The president of Harvard University, Lawrence H. Summers, sparked an uproar at an academic conference Friday when he said that innate differences between men and women might be one reason fewer women succeed in science and math careers. Summers also questioned how much of a role discrimination plays in the dearth of female professors in science and engineering at elite universities. ...The iSteve blog adds:
However, the problem of women in academia is one that Summers is confronting in his role as university president. The percentage of tenured job offers made to women by the university's Faculty of Arts and Sciences has dropped dramatically since Summers took office, prompting vigorous complaints from many of Harvard's senior female professors...
He offered three possible explanations, in declining order of importance, for the small number of women in high-level positions in science and engineering. The first was the reluctance or inability of women who have children to work 80-hour weeks.
The second point was that fewer girls than boys have top scores on science and math tests in late high school years. ...
In his talk, according to several participants, Summers also used as an example one of his daughters, who as a child was given two trucks in an effort at gender-neutral parenting. Yet she treated them almost like dolls, naming one of them "daddy truck," and one "baby truck."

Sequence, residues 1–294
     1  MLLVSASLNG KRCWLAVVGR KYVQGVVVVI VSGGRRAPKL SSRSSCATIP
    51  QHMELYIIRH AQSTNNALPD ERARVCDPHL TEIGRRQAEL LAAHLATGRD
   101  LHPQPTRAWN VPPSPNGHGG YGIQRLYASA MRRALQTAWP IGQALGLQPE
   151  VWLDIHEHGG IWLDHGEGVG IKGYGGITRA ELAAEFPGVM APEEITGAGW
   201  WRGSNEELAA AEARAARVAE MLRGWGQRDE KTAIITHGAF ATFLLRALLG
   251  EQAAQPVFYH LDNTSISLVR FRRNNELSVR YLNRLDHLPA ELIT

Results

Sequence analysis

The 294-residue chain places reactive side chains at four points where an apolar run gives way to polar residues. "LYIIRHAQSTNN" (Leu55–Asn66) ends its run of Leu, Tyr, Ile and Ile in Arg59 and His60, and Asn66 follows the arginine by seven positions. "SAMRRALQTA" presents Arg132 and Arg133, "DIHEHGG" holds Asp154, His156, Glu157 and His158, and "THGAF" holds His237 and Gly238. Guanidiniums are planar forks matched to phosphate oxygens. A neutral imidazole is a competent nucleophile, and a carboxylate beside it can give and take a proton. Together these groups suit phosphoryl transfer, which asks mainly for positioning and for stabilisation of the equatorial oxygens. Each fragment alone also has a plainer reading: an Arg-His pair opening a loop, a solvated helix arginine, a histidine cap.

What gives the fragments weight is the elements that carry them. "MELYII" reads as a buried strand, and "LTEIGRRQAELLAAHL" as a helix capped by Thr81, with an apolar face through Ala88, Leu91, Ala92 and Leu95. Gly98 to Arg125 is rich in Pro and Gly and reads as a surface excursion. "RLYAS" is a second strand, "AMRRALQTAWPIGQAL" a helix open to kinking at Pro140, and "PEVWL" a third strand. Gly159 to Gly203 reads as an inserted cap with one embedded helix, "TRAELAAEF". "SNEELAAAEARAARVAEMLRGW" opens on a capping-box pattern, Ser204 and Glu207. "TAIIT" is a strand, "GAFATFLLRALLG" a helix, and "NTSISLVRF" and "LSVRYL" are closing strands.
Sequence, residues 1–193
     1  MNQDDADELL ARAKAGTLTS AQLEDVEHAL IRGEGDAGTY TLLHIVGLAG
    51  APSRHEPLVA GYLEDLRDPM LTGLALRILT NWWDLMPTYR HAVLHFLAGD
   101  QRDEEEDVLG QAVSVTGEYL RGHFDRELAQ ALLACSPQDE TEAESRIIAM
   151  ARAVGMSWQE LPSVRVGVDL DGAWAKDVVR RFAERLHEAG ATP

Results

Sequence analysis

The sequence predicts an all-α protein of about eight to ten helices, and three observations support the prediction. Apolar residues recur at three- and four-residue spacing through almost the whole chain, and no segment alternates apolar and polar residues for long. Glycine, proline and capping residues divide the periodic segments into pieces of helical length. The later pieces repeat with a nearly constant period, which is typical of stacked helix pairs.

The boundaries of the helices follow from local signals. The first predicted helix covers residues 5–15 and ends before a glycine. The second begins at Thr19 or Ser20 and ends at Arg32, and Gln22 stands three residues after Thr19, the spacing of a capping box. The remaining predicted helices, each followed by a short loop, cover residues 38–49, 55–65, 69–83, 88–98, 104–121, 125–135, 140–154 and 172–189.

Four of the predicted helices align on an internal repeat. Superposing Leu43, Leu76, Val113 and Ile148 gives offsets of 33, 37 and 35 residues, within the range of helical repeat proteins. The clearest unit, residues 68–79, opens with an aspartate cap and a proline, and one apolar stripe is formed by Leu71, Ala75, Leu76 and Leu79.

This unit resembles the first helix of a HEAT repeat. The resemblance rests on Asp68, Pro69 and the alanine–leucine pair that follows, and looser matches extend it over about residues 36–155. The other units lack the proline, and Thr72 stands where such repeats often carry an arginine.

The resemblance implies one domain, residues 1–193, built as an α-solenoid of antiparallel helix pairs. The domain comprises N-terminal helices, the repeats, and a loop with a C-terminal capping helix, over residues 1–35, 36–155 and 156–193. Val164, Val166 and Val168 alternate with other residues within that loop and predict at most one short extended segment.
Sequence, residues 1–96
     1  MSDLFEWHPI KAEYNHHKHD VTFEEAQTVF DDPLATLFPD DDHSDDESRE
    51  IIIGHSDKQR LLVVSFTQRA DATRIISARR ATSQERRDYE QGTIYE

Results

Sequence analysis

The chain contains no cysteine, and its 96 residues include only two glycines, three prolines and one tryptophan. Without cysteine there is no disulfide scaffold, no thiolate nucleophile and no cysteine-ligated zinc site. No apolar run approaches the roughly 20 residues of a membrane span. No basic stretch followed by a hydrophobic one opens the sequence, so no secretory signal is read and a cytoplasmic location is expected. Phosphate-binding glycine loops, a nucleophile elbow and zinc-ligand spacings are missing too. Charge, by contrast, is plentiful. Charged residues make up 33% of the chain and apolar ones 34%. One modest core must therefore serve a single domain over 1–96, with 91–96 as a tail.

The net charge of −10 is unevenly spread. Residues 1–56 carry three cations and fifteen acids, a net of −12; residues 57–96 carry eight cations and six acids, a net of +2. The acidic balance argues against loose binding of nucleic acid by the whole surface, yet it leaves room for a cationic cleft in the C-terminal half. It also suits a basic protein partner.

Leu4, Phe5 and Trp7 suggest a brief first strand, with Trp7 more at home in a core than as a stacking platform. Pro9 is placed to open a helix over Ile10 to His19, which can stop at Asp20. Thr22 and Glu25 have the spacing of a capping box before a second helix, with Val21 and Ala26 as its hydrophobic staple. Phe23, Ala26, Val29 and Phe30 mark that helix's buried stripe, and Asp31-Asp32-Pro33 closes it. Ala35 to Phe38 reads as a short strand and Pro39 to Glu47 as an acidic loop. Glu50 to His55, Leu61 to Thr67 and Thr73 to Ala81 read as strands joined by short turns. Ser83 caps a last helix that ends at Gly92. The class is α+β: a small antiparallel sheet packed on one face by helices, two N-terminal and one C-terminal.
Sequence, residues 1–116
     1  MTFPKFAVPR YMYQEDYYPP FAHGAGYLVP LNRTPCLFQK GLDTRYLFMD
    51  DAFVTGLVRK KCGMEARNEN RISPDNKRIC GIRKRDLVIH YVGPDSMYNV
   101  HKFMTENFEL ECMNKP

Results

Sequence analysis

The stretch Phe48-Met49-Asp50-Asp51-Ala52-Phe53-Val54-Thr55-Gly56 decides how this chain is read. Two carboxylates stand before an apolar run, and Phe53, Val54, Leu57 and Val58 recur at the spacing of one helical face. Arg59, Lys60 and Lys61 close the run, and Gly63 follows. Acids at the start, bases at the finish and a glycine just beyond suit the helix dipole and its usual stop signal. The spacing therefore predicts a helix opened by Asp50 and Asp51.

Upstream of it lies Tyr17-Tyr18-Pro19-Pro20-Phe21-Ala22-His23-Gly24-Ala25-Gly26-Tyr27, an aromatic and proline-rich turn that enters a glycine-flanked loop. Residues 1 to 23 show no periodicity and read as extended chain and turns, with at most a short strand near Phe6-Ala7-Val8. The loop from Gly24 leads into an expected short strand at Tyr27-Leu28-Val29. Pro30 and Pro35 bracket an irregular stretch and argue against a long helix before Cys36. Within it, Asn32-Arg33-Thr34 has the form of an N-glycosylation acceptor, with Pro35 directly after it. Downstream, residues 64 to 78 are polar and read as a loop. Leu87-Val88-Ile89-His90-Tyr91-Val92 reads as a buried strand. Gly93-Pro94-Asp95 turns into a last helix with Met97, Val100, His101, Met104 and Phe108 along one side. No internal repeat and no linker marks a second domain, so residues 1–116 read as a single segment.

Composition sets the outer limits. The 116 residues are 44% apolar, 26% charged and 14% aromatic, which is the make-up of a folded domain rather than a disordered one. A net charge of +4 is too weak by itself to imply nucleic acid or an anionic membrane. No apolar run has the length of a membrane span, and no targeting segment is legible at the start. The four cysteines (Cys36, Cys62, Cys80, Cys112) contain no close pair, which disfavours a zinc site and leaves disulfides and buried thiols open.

I think it's highly relevant to this that one of Summer's first accomplishments at Harvard was hiring away MIT's superstar evolutionary psychologist Steven Pinker.I don't know what Pinker thinks about this, but he is adamant that there is a scientific consensus that these sorts of innate genetic differences exists. That's the way evolution works, he says.
Update: Here is a Saletan column on the subject. Here is Charles Murray in the NY Times.
FORTY-SIX years ago, in "The Two Cultures," C. P. Snow famously warned of the dangers when communication breaks down between the sciences and the humanities. The reaction to remarks by Lawrence Summers, the president of Harvard, about the differences between men and women was yet another sign of a breakdown that takes Snow's worries to a new level: the wholesale denial that certain bodies of scientific knowledge exist.I don't think that there is any communication breakdown. It sounds like Summers communicated quite clearly. The Boston Globe reported:
Nancy Hopkins, a biologist at Massachusetts Institute of Technology, walked out on Summers' talk, saying later that if she hadn't left, ''I would've either blacked out or thrown up."It sounds like she understood him, but behaved like a stereotypical woman who cannot face the truth.